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In a Parisian laboratory, a severed hand escapes its unhappy fate and sets out to reconnect with its body. During a hair-raising escapade across the city, the extremity fends off pigeons and rats alike to reunite with pizza boy Naoufel. Its memories of Naoufel and his love for librarian Gabrielle may provide answers about what caused the hand's separation, and a poetic backdrop for a possible reunion between the three. Based on Guillaume Laurant's novel "Happy Hand."Written by
Arty French animation "I Lost My Body" contains some lovely imagery, and others have applauded it for its poetic dramatization, but I want to focus on its clever self-reflexive construction. The story involves a character whose hand is severed, whereupon the plot mostly assumes a dual focus of that character with his remaining body and of that of his disembodied limb, the latter of which assumes an independent agency and movement. There's also a girl, who plays an important role in one respect, but the hero's journey is predominantly concerned with the boy and the hand. The foundational obstacle for both the boy and hand is to overcome a past tragedy of separation: the death of the boy's parents and, in the other case, the loss of the hand's body. All of which is congruent with the picture's self-referential pulse of the disconnection of modern animated movies, such as this one, from traditional hand-drawn animated cinema.
This is more than a handy pun. Most of the primary elements of creating animation are included in the narrative. It has music--the boy's mother played the cello, and he and a blind man play the piano. The boy also collected audio on a cassette recorder (a device which also serves a critical function in the overcoming of the heroes' obstacles). Also notice the focus in the story on disembodied dialogue (e.g. the pizza delivery scene), which is what voice acting consists of, and on sound effects (e.g. the sound of wind from pressing one's hand to their ear). Besides the promise of a generic romantic coupling, the girl's role here also is in the writing department. She's a librarian and recommends to him a novel, "The World According to Garp," which itself is a piece of multi-layered, self-referential fiction about a writer and writing. Additionally, the boy borrows books about igloos from the library, which provides him with inspiration for his architectural designs. Thus, we have design (architectural and written), a soundtrack and a score. All that's left is to build the visuals of the animation. For that, he becomes a carpenter's apprentice--using, as his employer gives a helping hand, tools, accessories and instruments to transform the material, wood, which comes from the same stuff the paper animators used to draw films on did.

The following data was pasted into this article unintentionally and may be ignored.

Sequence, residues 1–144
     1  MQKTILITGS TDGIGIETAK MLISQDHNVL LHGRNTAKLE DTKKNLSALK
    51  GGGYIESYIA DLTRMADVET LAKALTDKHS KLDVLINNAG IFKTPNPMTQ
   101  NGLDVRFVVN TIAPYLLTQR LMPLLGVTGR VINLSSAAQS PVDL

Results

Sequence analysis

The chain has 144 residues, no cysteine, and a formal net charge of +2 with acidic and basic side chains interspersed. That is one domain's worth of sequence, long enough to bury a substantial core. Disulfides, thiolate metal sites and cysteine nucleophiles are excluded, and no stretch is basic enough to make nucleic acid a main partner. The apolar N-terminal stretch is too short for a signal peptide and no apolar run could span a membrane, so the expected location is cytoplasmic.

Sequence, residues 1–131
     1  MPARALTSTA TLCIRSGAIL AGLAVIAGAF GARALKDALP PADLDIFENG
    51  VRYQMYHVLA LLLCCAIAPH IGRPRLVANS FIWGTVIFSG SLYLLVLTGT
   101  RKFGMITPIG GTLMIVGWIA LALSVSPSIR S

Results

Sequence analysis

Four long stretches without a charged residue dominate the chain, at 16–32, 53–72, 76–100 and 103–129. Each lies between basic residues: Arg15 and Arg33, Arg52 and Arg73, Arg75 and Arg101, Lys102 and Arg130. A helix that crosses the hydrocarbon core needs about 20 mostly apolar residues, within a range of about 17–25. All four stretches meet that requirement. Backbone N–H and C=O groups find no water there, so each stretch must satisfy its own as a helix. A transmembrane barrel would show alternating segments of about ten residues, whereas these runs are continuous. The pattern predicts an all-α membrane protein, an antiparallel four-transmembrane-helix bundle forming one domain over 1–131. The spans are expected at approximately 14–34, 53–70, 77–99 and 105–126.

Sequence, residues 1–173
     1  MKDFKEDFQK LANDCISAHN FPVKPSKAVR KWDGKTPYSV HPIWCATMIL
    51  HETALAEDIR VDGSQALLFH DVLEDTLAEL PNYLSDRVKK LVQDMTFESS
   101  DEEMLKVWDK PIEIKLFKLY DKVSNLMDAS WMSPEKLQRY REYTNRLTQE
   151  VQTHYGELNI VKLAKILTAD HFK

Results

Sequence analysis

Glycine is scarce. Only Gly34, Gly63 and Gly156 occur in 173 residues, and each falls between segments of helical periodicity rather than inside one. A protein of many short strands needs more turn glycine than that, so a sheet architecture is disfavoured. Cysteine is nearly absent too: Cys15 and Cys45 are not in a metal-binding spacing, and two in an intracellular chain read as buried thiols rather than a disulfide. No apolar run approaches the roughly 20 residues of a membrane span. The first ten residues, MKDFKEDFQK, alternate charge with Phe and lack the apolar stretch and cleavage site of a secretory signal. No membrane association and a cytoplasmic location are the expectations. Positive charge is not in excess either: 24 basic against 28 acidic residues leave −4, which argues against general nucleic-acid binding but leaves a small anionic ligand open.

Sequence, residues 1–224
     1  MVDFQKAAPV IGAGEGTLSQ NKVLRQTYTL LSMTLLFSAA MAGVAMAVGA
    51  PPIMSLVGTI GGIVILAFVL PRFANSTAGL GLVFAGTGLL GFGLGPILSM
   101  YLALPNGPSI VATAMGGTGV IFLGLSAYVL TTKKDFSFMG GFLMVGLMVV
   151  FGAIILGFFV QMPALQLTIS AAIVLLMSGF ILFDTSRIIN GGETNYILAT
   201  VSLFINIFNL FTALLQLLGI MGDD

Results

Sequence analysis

Note that only then does the hand's separate story begin, from an "accident" of carpentry. Film is a process of reanimation; in live action especially, but also, through inspiration or as reference, in animation as well, film captures something alive--something animated--then kills and makes it inanimate as still images before, finally, reanimating what was once captured as the projected (or Netflix streamed, as the case may be) motion picture that the spectator views. Likewise, the hand's individual adventure begins when he is captured by the electric saw; next, the hand lies dead before becoming reanimated as something entirely different from what it once was. In other words, the disembodied hand here is a metaphor for film and, specifically, animated film. It's the film-within-the-film, the hand's journey nested between the outer story of the boy's making of that story, along with the girl as being something of our on-screen surrogate spectator.
Unlike in live action, these drawn compositions don't necessitate a physical camera. This provides a free hand to the perspective of the picture, the theoretical camera's eye, which in turn becomes the spectator's shared vantage point, to be limited only by the filmmakers' imagination. The handling of that camera here is where "I Lost My Body" most excels visually in my estimation. In addition to alternating between color and black-and-white palettes and 2D and 3D computer animation, there's some shifting in perspectives. We and the camera are sometimes like a fly--oblivious, perhaps, to the characters when we're at a distance on a wall, but a nuisance when we swoop in or rest too close upon them. Other times, we share the point of view of this or that character--both what they see in the outside world and, through memories and fantasies, what they imagine with their mind's eye. At one point, we're just a disembodied eyeball resting on a floor. We may even be a reflection in a subway mirror as we witness a hand hiding under a ravioli can scurrying by. (By the way, does anyone else sense a dig at Pixar--specifically "Ratatouille" (2007) with this sequence involving rats, but with other scenes, too, such as floating through the wind (albeit it with an umbrella instead of balloons) between cars, and I can't think of any better reason for the astronaut business here. It would be fitting since, after all, Pixar largely killed traditional animation.)
Even better here is the attempt, which seems specifically more suited to animation because of how it's made, to expand the sensory stimuli by adding texture and a motif of the hand feeling the physical world around it. We experience movies, to paraphrase Charlie Chaplin, as movement, two planes and a suggestion of depth; it's something we've always seen and, later, also heard. Of course, we also feel emotionally and physically in response to the audio-visual experience. Thus, sure, "I Lost My Body" is touching, but, moreover, its tactile focus, hand-in-hand with its self-reflexive framework, almost gives the impression that it's a movie we can feel, to reach out and touch back.
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